Sarah recognised a piece of print, portion of an old frock which covered the butter the last time she saw it in her father’s dairy. In Collins’ dairy, five milk dishes were selected as having been stolen. One constable observed Collins burying a dish in a dung heap, and Foley claimed it as one of his. Collins then took the six dishes and ran away, calling out to the police that he would not allow himself to be taken into custody until the return of his wife from Sydney.

The next day, with Frank Poyner carrying the dishes, Thomas Collins gave himself and the dishes up to the police in Sydney, claiming that they had belonged to Mr Clarke, the former owner of the farm. Foley and his daughters identified the dishes as their property. Although there was no private mark on them, they had been using them for a long time. Collins was committed for trial, but allowed bail, himself for £40, and two sureties of £20 each.  He indicated his intention to plead guilty to the charge.

The trial date was set for 12 November 1849, but before the trial could take place, David Foley was murdered on Thursday 8 November 1849, about half a mile from his home at Bungin.

David’s widow Sarah Foley gave evidence:
On Thursday, 8 November the deceased, David Foley, left his house between six and seven o’clock in the morning, with a cart and horse, with some calves and butter, which he was going to take to North Harbour, a distance of twelve miles. His man was with him, but not to return with him. Thomas Collins’ house was about two miles from Foley’s on the road towards North Harbour. The next house on the road was James Jenkins’, about a mile further on; the next William Jenkins’, about a mile further; and the next William Wheeler’s, about a mile and a half from North Harbour. She expected her husband to return about three or four o’clock. He did not return. About five or six o’clock she and her two daughters went out in search of him. They found him about half a mile from the house. He was on his face and hands, under the cart. The off side rail of the cart was on his back, his head and shoulders being under it. He was quite dead and cold. The horse was on his back. There was nothing in the road to upset the cart. Sarah and her daughters took the body from under the cart, and laid it on its back. They then unharnessed the horse, and righted the cart, and placed the body in it. There were two holes in the left breast, through his waistcoat. There was a good deal of blood on his waistcoat and in the cart. It appeared that he had fallen backwards when shot, into the cart. The next morning before sunrise they found his hat about a hundred yards behind the place where the cart was found turned over. There were tracks of the cart from the hat to where it was found turned over, but they turned off the road at that spot. Sarah judged that the murder had been committed a little beyond the place where the hat lay, because there was a screen of bushes close by, high enough to hide a man. The deceased had nothing with him to be robbed of, and had no watch or other valuables with him. She did not know of Foley having any quarrel with anyone except Collins. Collins was nearest on one side  and Farrell on the other. Poyner lived with Collins as a servant. Collins generally went to his house through Narrabeen Lagoon, while Foley, Farrell and others crossed at the mouth. The body was taken to Sydney the next morning, in the same state as when it was found, except that the face was washed and the waistcoat opened. Death had been caused by two gunshot wounds, which appeared to have been inflicted from behind.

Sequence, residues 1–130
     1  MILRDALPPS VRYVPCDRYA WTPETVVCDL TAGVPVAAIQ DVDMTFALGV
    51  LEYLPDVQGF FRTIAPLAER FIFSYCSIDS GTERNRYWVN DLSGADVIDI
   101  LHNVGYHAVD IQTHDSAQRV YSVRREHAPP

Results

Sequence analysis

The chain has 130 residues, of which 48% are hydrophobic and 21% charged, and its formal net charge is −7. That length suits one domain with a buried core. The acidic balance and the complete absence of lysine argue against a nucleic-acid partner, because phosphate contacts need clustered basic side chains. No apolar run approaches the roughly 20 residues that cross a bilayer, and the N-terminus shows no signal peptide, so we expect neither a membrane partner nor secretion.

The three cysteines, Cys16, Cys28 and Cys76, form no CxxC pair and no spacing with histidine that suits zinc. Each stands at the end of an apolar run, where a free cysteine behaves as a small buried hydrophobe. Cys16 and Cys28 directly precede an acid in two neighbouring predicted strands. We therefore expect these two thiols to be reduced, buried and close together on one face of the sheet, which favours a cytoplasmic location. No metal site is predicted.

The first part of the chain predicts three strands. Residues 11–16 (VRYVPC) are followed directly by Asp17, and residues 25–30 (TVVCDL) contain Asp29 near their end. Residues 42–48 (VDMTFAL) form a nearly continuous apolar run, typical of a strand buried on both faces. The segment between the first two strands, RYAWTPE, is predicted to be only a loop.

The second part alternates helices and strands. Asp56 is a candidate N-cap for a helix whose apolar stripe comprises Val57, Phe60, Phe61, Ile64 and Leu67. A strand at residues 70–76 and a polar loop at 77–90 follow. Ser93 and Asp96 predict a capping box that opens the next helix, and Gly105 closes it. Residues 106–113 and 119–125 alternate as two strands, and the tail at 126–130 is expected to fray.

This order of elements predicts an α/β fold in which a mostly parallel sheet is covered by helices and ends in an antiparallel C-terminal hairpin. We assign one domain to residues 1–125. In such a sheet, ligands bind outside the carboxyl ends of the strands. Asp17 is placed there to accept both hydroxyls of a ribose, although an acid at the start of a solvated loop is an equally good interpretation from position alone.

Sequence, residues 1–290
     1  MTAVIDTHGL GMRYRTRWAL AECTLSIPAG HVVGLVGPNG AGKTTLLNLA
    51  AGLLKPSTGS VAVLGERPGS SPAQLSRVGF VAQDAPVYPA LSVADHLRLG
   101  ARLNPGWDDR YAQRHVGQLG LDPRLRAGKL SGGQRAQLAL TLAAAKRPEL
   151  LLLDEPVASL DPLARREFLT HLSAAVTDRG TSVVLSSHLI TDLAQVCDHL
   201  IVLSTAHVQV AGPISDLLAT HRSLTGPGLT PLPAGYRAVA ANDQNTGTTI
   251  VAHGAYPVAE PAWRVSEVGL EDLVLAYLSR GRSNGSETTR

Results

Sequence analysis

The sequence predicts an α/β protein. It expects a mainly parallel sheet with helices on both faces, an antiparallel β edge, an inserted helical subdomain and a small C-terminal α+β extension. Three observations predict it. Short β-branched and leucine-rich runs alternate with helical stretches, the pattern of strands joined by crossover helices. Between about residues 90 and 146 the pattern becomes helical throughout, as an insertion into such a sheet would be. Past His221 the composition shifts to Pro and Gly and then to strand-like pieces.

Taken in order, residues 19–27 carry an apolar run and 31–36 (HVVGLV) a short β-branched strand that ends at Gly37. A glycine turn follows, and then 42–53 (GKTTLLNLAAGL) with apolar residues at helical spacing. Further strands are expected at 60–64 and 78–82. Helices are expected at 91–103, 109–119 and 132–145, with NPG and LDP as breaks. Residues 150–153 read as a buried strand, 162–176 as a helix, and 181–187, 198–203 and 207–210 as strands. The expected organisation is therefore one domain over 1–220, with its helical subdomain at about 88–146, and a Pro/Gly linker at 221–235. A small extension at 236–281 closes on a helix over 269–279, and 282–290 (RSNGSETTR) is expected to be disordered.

William Dawson, the boatman at North Harbour, said that Foley arrived at his house about 10.30 a.m. on 8 November and left for home about 11 a.m. The last person to see him alive was Ann Jenkins, wife of James Jenkins at Narrabeen, who saw Foley about 1.30 p.m., when he took the slip rails down, passed through with his horse and cart, and put them up again.

Witnesses established that Frank Poyner also took the journey by horse and cart to North Harbour, with a tub of butter, about an hour after Foley. Going home, Poyner gained time by travelling faster and taking a short cut through William Wheeler’s stockyard. When Ann Jenkins saw Poyner at Narrabeen, he was only a quarter of an hour behind Foley. After passing through Narrabeen Lagoon, Poyner arrived home at North Narrabeen about two o’clock.

Also on 8 November, Thomas Collins went to Sydney, on foot, with a bag on his shoulder. About 12 noon he called in to see his father-in-law, Peter Ellery, at the Spit. Constable Peter Thomson was there also, and spoke to Collins, but said that Collins did not cross in the boat with him. There was an alternative way to reach Sydney, by rowing to Willoughby Bay and walking to the North Shore ferry. Collins may have gone that way. He was in Sydney about 2 p.m., and enquired about a passage to California. However, the Victoria, which was to leave the next day, was fully booked. He then arranged and paid £1 for his passage the following day on the schooner Fancy for Twofold Bay. He went home overnight, and on Friday morning, 9 November, he was put on board the Fancy between Bradley’s Head and the Sow and Pigs Reef.